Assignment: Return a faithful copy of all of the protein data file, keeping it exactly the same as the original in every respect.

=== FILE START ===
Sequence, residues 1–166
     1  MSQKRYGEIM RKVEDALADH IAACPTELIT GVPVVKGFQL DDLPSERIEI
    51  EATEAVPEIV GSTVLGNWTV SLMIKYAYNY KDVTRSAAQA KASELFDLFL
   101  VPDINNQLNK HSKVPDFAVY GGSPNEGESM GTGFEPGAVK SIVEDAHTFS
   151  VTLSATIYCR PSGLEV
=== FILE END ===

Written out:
Sequence, residues 1–166
     1  MSQKRYGEIM RKVEDALADH IAACPTELIT GVPVVKGFQL DDLPSERIEI
    51  EATEAVPEIV GSTVLGNWTV SLMIKYAYNY KDVTRSAAQA KASELFDLFL
   101  VPDINNQLNK HSKVPDFAVY GGSPNEGESM GTGFEPGAVK SIVEDAHTFS
   151  VTLSATIYCR PSGLEV